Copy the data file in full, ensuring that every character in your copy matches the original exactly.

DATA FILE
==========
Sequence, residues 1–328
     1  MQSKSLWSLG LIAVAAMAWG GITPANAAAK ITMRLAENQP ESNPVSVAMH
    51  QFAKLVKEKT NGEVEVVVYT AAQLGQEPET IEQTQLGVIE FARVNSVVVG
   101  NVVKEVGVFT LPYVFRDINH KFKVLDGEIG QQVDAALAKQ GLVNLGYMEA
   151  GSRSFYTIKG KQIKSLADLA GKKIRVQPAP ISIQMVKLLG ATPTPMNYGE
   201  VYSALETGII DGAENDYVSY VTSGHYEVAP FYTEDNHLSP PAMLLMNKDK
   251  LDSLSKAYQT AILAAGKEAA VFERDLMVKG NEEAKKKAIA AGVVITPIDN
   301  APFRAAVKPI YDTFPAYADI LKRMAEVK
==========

Sequence, residues 1–328
     1  MQSKSLWSLG LIAVAAMAWG GITPANAAAK ITMRLAENQP ESNPVSVAMH
    51  QFAKLVKEKT NGEVEVVVYT AAQLGQEPET IEQTQLGVIE FARVNSVVVG
   101  NVVKEVGVFT LPYVFRDINH KFKVLDGEIG QQVDAALAKQ GLVNLGYMEA
   151  GSRSFYTIKG KQIKSLADLA GKKIRVQPAP ISIQMVKLLG ATPTPMNYGE
   201  VYSALETGII DGAENDYVSY VTSGHYEVAP FYTEDNHLSP PAMLLMNKDK
   251  LDSLSKAYQT AILAAGKEAA VFERDLMVKG NEEAKKKAIA AGVVITPIDN
   301  APFRAAVKPI YDTFPAYADI LKRMAEVK